Interrogating The Regional E-Waste Recycling Production Network In Malaysia And Singapore - 'Waste', Value And Informal Labour

Department of Human Resource Management in conjunction with Marie Curie Changing Employment Research Seminar Series.

Wednesday 5 Feb 2014, 3.30-5.00pm in Room GH813, University of Strathclyde

Aidan Wong, Queen Mary University of London

This presentation examines the regional electronic and electrical waste (e-waste) recycling network in Malaysia and Singapore, with a secondary focus on the articulations of informal labour within the network. In this presentation, I employ elements of Global Value Chains (GVC) and Global Production Networks (GPN) approaches as tools to examine contemporary processes of global production, thus treading a more conciliatory approach between these two approaches. First, I argue that there is a need to theorise production networks beyond the point of consumption; i.e. to focus additionally on the activities and processes that occur after a commodity is consumed and subsequently discarded. These discarded materials are not ‘value-less’ waste, but instead embody value, and have the potential to be re-inserted as ‘raw materials’ into production networks through the processes of recycling and reuse. Second, adapting Marx’s (1956) circuit of capital, I elucidate an e-waste circuit of capital that places emphasis on the central role of the labour process in the creation of surplus value. Critical in the e-waste circuit of capital are karung guni (a local term for the rag-and-bone man), and this opens up two avenues for further investigation. On the one hand, there is the question of how karung guni—who are self-employed—challenge understandings of the separation of capital and labour. On the other, karung guni represent a group that has been erstwhile overlooked in production networks — the informal economy. Hence, I examine informal labour by focusing on karung guni — analysing their critical role in value creation in the regional e-waste recycling production network through the lens of petty commodity production. This presentation therefore seeks to argue for the need in GVC/GPN literature to recognise activities beyond the point of consumption (that have been the focus of present GVC/GPN literature), and second, a more nuanced consideration of the role of informal labour in the framework.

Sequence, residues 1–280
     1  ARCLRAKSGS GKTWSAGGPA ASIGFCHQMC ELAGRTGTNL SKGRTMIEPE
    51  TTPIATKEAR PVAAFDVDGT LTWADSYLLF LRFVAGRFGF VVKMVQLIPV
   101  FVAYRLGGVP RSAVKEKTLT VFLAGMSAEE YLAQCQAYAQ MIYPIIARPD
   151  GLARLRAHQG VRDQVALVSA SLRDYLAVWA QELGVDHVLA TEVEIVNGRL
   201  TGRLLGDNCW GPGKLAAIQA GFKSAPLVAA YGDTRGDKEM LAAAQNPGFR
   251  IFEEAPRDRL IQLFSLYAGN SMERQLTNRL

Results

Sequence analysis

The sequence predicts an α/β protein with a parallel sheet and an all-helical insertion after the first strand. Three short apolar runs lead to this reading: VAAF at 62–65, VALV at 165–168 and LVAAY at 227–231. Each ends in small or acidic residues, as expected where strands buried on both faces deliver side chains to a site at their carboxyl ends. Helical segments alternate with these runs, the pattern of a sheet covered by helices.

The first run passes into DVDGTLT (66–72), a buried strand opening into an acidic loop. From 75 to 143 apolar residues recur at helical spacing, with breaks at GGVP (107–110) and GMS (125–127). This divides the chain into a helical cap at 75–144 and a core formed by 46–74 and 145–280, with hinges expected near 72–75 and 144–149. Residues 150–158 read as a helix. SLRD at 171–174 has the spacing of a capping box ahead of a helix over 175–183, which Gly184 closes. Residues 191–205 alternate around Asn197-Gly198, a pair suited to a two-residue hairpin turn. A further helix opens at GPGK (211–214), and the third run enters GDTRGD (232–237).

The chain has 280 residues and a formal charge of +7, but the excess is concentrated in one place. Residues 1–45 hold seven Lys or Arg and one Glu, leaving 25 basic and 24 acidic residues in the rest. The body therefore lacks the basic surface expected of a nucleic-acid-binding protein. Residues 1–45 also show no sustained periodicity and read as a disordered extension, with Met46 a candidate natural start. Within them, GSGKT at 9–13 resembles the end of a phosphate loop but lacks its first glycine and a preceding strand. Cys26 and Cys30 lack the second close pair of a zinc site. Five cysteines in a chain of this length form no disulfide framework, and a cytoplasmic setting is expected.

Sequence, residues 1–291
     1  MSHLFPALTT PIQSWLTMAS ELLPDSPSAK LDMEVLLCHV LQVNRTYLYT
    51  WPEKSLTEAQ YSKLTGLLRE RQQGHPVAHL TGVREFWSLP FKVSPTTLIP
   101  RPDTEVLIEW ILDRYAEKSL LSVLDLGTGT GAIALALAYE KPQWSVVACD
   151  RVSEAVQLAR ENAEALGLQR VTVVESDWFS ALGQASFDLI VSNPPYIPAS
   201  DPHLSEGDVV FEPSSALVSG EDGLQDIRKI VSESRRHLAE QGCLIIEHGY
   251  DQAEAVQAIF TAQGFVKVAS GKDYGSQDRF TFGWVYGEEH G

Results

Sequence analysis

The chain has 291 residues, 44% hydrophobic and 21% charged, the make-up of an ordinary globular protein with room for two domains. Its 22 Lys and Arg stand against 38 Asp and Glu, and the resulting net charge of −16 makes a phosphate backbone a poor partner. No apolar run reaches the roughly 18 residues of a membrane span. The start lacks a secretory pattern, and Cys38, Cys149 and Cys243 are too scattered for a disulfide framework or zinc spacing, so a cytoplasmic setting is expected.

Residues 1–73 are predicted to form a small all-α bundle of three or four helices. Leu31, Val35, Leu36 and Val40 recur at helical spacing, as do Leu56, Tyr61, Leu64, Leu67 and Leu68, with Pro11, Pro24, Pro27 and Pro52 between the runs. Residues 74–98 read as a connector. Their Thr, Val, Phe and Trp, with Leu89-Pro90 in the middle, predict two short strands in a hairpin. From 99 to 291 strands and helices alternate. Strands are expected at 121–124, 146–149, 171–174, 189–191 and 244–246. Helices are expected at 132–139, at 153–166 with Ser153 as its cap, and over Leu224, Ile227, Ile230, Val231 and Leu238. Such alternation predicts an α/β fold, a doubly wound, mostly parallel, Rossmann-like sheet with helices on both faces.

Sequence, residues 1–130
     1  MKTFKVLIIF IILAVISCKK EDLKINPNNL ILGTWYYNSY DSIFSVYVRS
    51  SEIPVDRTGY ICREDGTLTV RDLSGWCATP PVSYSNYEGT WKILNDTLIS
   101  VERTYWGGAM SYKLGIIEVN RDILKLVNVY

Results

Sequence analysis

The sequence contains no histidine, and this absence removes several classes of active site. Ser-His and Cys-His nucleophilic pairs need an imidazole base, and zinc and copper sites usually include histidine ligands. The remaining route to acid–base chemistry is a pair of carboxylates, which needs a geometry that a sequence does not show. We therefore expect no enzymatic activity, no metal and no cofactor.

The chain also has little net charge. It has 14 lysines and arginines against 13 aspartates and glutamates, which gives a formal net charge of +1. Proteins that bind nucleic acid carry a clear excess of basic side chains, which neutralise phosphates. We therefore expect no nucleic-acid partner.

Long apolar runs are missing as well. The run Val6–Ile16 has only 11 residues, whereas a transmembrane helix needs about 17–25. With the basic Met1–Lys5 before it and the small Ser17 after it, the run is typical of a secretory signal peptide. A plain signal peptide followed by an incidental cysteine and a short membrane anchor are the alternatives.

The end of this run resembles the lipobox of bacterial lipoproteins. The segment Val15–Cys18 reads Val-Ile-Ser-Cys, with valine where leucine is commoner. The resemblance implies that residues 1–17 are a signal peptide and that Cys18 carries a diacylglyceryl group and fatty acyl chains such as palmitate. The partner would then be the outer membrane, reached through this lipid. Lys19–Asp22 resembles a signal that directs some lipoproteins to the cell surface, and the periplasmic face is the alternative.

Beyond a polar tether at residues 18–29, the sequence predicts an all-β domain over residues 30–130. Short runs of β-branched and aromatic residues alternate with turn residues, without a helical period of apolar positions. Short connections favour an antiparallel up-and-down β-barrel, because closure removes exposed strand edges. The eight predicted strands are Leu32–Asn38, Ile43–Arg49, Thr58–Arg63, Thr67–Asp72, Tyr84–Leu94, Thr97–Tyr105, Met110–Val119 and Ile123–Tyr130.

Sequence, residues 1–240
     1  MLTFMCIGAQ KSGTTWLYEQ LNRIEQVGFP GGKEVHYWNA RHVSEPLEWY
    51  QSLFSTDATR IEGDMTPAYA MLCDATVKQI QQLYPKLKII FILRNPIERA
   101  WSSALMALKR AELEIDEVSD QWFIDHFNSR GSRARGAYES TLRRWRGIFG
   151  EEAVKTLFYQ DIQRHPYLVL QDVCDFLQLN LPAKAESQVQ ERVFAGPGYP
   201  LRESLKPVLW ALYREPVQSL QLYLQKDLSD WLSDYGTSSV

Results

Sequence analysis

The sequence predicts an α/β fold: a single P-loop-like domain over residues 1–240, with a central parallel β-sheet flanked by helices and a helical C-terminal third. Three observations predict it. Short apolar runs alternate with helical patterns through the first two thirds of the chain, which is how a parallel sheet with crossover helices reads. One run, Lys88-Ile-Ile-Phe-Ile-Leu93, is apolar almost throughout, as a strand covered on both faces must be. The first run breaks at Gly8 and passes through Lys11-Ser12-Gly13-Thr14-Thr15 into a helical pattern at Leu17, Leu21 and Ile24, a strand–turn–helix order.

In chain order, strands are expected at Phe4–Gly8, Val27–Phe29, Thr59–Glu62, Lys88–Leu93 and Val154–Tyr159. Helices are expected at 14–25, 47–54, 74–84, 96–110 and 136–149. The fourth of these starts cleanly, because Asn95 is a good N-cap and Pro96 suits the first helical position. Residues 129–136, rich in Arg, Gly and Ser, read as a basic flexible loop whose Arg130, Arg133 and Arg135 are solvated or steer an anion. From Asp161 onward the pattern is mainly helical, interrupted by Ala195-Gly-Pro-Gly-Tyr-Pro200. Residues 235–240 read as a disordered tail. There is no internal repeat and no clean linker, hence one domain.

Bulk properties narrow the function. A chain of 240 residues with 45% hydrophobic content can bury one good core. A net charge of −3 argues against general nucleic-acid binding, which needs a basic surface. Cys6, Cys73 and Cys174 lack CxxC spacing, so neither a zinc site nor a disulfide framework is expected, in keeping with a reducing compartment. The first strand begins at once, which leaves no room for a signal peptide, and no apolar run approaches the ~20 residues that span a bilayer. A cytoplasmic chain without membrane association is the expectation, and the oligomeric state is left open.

Aidan Wong is a PhD Student at the School of Geography and the School of Business and Management, Queen Mary University of London, under the supervision of Professor Adrian Smith and Dr Liam Campling. His research interests are broadly concerned with Economic Geographic issues, in particular issues involving labour, specifically informal labour, theorizations related to value, and the application of approaches in the political economy tradition, with emphasis on the Global Value Chains and Global Production Networks frameworks. Linked with this is an interest in development issues and poverty, which are influenced by literature on petty commodity producers. 

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